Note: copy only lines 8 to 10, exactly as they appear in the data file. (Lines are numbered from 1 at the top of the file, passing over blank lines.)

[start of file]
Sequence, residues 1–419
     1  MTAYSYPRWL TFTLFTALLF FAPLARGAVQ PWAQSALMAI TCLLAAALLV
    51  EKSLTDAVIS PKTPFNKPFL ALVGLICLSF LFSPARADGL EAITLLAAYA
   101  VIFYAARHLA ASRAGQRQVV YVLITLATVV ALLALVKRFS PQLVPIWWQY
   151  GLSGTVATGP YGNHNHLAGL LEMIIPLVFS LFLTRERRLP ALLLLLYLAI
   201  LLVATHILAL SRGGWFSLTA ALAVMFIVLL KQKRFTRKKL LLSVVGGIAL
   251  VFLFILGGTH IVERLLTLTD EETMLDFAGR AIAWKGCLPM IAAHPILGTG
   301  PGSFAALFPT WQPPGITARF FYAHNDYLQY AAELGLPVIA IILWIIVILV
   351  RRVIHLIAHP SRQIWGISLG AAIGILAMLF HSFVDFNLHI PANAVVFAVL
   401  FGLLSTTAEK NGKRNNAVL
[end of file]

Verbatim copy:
   301  PGSFAALFPT WQPPGITARF FYAHNDYLQY AAELGLPVIA IILWIIVILV
   351  RRVIHLIAHP SRQIWGISLG AAIGILAMLF HSFVDFNLHI PANAVVFAVL
   401  FGLLSTTAEK NGKRNNAVL